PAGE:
Starting well and ending well


10 – 9 – 8 – 7 – 6 – 5 – 4 – 3 – 2 – 1 – Liftoff! Have you ever witnessed the launch of a rocket from the Kennedy Space Center in Florida? It is a magnificent sight!

I spent many years working as an aerospace engineer designing and testing rocket engines. When launch day arrives for a new propulsion system there is a tangible anticipation of success. After literally years of development effort everything and everyone is ready for the inaugural launch.

The countdown process is complex and exacting. There are many hundreds of sensors monitoring critical performance parameters prior to the start of the huge rocket engines. Some parts of the engines are preconditioned to cryogenic temperatures. Others are pressurized to very precise settings.

At the end of the countdown there is a moment in time when the engines explode into life. Yes, at the start of the launch the engines ignite with a controlled explosion, thrust builds quickly, and the rocket leaves the launch pad on a plume of fire accelerating rapidly into the atmosphere.

The explosive yet carefully controlled start of the engine is a critical time. A lot can go wrong with the end result being catastrophic. Likewise, it is a critical moment when we begin something for the first time. There is an anticipation of success following sometimes years of planning.

The Old Testament patriarch Abraham heard God’s call, believed God, and obeyed God on his amazing journey to the Promised Land (Genesis 11, 12). But I think that Abraham did a lot of planning and carefully considered the logistics of the trip well before leaving the familiarity of his home in Ur. He understood that the beginning of his trip was a critical event.

It is safe to say that every journey has a beginning and an ending. I’ve been thinking a lot about the importance of starting well and ending well. These two events define much about our success or failure.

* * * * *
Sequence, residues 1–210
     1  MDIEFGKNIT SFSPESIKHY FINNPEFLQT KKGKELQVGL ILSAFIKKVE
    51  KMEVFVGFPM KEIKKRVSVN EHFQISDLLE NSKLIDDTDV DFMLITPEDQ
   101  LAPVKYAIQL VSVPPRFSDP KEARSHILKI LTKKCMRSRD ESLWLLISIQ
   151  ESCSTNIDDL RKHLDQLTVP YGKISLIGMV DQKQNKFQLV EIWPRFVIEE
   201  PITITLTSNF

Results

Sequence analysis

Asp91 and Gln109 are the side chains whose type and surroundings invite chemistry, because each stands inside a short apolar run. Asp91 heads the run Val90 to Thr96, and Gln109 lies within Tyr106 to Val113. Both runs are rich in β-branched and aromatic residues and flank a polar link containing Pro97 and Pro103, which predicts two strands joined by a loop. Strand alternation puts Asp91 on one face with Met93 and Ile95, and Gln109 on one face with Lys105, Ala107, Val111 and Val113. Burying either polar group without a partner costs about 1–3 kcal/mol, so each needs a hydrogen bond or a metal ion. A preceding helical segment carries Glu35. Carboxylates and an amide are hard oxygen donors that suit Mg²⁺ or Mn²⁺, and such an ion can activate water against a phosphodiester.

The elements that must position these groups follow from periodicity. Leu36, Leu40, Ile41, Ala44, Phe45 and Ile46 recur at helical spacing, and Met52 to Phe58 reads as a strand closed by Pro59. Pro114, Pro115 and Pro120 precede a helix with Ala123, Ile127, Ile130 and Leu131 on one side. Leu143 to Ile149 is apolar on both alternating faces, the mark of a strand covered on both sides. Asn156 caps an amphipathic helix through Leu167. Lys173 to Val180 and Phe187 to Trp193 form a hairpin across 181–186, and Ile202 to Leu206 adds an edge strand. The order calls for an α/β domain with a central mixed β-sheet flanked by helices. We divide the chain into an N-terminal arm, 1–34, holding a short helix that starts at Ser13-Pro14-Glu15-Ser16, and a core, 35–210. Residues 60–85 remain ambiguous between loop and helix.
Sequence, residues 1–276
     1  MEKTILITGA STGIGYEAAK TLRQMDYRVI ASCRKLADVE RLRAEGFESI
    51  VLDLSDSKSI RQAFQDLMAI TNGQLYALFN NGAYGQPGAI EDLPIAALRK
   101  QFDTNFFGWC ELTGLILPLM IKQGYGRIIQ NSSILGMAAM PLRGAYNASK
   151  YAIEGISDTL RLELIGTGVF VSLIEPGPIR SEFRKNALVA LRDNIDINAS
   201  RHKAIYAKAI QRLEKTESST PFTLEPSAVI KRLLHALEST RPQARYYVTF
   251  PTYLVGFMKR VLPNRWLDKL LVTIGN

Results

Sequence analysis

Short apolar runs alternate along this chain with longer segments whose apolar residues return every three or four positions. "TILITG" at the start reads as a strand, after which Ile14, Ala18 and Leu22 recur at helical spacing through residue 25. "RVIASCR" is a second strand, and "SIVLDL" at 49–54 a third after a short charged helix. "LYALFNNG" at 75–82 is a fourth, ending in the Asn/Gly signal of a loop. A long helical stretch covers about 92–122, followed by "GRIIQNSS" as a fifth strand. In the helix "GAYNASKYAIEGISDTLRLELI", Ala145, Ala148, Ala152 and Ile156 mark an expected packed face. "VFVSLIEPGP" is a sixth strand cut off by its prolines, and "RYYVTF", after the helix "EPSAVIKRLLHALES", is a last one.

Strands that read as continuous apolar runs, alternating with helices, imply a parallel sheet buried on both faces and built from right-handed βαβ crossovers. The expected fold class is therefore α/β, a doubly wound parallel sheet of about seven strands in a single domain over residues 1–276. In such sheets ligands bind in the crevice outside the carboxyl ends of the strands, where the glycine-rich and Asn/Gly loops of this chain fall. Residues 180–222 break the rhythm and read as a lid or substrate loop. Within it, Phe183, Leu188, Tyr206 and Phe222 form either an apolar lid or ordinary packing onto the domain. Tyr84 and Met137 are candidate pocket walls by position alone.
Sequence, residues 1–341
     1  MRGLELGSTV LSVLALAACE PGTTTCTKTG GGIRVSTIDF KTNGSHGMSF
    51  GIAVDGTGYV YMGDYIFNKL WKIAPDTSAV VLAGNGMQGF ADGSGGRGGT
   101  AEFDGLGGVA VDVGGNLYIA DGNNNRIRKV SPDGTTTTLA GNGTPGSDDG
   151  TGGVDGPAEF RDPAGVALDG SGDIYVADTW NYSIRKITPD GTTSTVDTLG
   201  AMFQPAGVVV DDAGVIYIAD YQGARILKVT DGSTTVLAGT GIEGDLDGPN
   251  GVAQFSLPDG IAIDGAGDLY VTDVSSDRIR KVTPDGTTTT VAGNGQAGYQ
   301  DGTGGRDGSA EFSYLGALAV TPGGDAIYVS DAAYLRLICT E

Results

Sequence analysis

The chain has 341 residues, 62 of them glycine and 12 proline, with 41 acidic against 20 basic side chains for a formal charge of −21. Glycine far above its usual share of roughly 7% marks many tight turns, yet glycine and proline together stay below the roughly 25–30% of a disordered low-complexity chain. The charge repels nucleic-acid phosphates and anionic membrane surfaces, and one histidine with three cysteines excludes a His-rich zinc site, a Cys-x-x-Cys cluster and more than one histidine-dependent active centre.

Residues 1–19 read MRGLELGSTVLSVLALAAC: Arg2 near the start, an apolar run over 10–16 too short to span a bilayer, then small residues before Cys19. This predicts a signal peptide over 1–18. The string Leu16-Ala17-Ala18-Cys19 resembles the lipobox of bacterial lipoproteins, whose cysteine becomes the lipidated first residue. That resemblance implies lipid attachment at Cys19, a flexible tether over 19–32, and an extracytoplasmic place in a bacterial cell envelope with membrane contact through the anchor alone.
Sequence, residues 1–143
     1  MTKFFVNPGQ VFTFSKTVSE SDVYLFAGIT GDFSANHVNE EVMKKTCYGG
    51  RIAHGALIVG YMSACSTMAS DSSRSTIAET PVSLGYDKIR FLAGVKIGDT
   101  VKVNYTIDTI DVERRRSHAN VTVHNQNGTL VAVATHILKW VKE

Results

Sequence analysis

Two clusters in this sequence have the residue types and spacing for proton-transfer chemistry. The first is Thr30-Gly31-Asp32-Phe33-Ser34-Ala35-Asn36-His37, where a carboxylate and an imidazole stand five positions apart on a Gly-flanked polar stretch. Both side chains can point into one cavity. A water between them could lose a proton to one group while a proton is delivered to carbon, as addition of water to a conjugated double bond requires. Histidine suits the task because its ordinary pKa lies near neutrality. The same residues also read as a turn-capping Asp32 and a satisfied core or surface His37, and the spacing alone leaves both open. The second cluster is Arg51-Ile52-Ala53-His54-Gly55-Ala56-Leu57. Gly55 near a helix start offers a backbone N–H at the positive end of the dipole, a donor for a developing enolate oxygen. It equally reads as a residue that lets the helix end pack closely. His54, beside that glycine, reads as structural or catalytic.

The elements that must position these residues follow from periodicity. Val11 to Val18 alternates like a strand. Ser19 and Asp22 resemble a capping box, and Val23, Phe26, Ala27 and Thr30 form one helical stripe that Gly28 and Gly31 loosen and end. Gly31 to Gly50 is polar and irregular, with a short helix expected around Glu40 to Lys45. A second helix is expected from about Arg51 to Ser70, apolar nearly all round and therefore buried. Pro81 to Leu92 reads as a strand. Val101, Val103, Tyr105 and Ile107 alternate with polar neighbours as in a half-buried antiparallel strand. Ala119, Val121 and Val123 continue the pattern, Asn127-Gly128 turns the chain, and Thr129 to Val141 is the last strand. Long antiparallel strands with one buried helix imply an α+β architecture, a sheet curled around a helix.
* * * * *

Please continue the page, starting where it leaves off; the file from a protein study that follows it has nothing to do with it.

Starting well has many different considerations. What is necessary for some is unnecessary for others. Each start is unique in its own way. The number of church, business, and project failures that we hear about emphasizes the importance of a strong start. Don’t be pushed into starting at the wrong time with less than adequate resources!

Returning to our rocket engine analogy, it is equally crucial to safely conclude the controlled explosion of the engine at the end of its intended flight. Equally catastrophic things can happen when pressures and temperatures are not properly controlled before shutting off the flow of propellants at just the right moment.

Likewise, Abraham had much to do at the conclusion of his journey. It was not an easy road he traveled even though God was with him every step of the way. He had many people depending on him to make wise decisions, lots of equipment to repair or replace, and new surroundings to call home. Ending well is all about making sense of your situation and finding meaning in whatever happened to you and around you.

Assessing the success or failure of an event is driven a lot by how it is remembered in the future. It is important to take the time and allocate the necessary resources to understand what worked and what didn’t work, what methods or processes worked better than others, and how different people created the environment that produced the final results.

The next time you see a rocket leap off the launch pad take a moment and appreciate the importance of critical events at the beginning and ending of everything you do. There are lessons to learn. So I ask, “At this moment in time, what are you getting ready to start and what are you in the process of concluding? Do you fully appreciate that these are critical events that demand your focused attention?”

Originally posted at http://www.churchcentral.com/

Paul Greasley, Ph.D.

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